Hello, Everyone, Yep! today is the old warhorse’s Birthday. (Thanks, Chris!) I’m what some might call “45.95 plus shipping and handling.” (49, okay?)



Next Friday, November 3, is the Fourth Anniversary of My ReceptionInto The Church.

So — in celebration of these two awesome events, I’m throwing a party that can be celebrated round the world — and indeed, I am sending it to friends throughout the U.S. and Canada, England, The Netherlands,Italy, and Australia.

Here’s how it is supposed to work:

First, between now and Friday, please make a Holy Hour (or half-hour or whatever you do) — I ask that you remember three very particular intentions for me:

A) My growing work in the Church (Music Director, Adult Faith
Formation leader) is stretching me more than I thought I could be
stretched. I love it – but pray that God would lead, direct, sustain,

B) Reconciliation with my daughters.

C) The conversion of souls and reconciliation of those who have left the Church.

After you have made your Holy Hour (in lieu of which, if you simply cannot make it to the Church for a Holy Hour, will you offer a Rosary for me?) I want you to get your favorite dessert, and your favorite beverage – and enjoy!

If you’re on a diet, you are temporarily exempt to indulge, so far as health issues will permit (I know a diabetic can’t eat my aunt’s pound cake — okay, SHOULD NOT) for the one brief occasion.

On Friday, let’s all gather in your favorite internet forums and tell stories, especially stories of faith and answered prayers, of love, family, and friends — and just generally enjoy one another’s company.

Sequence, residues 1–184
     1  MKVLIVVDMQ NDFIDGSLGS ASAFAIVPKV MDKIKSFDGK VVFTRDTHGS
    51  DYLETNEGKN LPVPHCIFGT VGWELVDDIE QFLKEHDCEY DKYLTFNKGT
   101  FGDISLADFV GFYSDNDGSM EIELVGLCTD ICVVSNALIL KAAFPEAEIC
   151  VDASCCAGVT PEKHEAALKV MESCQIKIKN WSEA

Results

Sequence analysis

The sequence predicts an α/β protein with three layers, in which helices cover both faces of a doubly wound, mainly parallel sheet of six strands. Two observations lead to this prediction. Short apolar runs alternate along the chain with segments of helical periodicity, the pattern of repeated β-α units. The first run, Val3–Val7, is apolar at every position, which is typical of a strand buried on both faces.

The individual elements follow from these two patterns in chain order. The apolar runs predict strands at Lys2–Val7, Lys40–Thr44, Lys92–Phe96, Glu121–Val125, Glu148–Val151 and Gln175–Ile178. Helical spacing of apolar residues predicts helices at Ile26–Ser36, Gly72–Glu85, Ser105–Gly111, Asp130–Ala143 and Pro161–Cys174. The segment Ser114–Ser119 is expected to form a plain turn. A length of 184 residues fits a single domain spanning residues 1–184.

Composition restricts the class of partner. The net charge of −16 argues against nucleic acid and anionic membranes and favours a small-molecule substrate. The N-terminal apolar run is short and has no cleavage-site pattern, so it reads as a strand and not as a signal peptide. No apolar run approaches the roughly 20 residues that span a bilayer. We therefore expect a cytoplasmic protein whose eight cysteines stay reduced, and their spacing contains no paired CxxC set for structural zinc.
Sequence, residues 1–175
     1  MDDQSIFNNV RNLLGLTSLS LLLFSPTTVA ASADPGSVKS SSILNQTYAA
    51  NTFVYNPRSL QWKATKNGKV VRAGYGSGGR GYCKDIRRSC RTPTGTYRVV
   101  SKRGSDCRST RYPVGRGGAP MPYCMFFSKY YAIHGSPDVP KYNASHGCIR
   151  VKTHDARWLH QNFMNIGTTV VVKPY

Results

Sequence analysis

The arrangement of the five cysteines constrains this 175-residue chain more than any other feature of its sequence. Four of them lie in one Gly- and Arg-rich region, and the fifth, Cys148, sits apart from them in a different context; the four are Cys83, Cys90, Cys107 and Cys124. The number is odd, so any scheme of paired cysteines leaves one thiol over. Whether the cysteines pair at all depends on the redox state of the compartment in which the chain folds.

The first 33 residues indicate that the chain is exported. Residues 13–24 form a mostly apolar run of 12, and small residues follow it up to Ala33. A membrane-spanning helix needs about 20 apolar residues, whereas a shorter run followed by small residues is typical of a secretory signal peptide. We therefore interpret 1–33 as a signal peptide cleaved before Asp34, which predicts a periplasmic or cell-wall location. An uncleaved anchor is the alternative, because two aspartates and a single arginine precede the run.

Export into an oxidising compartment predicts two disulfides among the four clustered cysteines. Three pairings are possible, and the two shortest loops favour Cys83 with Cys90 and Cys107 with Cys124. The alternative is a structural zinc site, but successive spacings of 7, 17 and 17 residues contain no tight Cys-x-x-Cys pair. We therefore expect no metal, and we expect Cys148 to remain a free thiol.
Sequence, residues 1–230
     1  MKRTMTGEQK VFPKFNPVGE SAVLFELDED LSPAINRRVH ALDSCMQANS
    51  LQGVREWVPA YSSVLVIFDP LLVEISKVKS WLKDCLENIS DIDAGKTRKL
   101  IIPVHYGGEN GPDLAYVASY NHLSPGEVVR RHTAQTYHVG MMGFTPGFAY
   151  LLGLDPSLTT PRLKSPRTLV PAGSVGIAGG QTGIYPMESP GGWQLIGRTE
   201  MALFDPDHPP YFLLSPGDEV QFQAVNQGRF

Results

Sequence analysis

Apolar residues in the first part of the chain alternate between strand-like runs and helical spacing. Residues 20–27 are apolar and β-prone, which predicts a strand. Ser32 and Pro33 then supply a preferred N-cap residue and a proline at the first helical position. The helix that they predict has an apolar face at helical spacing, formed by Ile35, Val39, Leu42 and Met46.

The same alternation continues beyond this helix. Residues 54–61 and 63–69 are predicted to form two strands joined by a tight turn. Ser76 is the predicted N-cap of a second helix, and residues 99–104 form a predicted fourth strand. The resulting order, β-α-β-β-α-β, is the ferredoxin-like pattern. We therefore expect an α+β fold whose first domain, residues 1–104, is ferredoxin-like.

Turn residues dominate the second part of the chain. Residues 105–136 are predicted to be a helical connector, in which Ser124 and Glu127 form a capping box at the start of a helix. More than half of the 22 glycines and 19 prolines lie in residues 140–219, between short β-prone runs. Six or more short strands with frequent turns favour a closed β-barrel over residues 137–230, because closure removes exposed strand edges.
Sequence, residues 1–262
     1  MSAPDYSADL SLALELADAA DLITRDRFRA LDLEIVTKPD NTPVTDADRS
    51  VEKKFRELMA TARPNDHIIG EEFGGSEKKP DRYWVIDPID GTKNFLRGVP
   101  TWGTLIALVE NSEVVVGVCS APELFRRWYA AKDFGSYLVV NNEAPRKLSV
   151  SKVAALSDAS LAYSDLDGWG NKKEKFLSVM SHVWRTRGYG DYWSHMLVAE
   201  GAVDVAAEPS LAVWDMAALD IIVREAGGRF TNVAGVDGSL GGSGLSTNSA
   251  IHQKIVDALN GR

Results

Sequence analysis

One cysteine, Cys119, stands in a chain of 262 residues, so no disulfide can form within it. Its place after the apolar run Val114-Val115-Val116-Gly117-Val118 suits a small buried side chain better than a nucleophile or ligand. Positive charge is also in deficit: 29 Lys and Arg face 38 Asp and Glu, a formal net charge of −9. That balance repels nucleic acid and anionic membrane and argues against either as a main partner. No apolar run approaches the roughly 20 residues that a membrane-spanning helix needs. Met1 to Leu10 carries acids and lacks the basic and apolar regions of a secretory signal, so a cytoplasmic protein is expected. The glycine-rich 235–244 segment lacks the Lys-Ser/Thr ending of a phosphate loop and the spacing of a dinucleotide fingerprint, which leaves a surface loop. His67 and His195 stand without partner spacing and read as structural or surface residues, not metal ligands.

Or through the week, post said comments HERE.

How does that sound?

A Great game!

There are 30 books of the Bible in this paragraph. Can you find them? This is a most remarkable puzzle. It was found by a gentleman in an airplane seat pocket on a flight from Los Angeles to Honolulu keeping him occupied for hours. He enjoyed it so much he passed it on to some friends. One friend from Illinois worked on this while fishing from his john boat. Another friend studied it while playing the banjo. Elaine Taylor, a columnist friend, was so intrigued by it she mentioned it in her weekly newspaper column. Another friend judges the job of solving the puzzle so involving she brews a cup of tea to help her nerves. There will be some names that are really easy to spot. That’s a fact. Some people, however, will soon find themselves in a jam, especially since the book names are not necessarily capitalized. Truthfully, from answers we get, we are forced to admit it usually takes a minister or scholar to see some of them at the worst. Research has shown that something in our genes is responsible for the difficulty we have in seeing the books in this paragraph. During a recent fund raising event, which featured this puzzle, the Alpha Delta Phi lemonade booth set a new sales record. The local paper, The Chronicle, surveyed over 200 patrons who reported that this puzzle was one of the most difficult they had ever seen. As Daniel Hummana humbly puts it, “the books are all right there in plain view hidden from sight.” Those able to find all of them will hear great lamentations from those who have to be shown. One revelation that may help is that books like Timothy and Samuel may occur without their numbers. Also, keep in mind that punctuation and spaces in the middle are normal. A chipper attitude will help you compete really well against those who claim to know the answers. Remember, there is no need for a mad exodus, there really are 30 books of the Bible lurking somewhere in this paragraph waiting to be found.